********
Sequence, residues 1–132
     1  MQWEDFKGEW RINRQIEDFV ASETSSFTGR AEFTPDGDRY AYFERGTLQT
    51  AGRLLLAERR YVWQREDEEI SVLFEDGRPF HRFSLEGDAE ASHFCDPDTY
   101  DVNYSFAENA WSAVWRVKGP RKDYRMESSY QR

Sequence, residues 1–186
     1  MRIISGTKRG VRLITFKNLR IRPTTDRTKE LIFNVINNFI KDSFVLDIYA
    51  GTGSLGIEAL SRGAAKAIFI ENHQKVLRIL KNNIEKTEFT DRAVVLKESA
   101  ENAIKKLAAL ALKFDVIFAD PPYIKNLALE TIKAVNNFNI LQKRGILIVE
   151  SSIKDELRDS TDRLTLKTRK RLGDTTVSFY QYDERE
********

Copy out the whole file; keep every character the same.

Sequence, residues 1–132
     1  MQWEDFKGEW RINRQIEDFV ASETSSFTGR AEFTPDGDRY AYFERGTLQT
    51  AGRLLLAERR YVWQREDEEI SVLFEDGRPF HRFSLEGDAE ASHFCDPDTY
   101  DVNYSFAENA WSAVWRVKGP RKDYRMESSY QR

Sequence, residues 1–186
     1  MRIISGTKRG VRLITFKNLR IRPTTDRTKE LIFNVINNFI KDSFVLDIYA
    51  GTGSLGIEAL SRGAAKAIFI ENHQKVLRIL KNNIEKTEFT DRAVVLKESA
   101  ENAIKKLAAL ALKFDVIFAD PPYIKNLALE TIKAVNNFNI LQKRGILIVE
   151  SSIKDELRDS TDRLTLKTRK RLGDTTVSFY QYDERE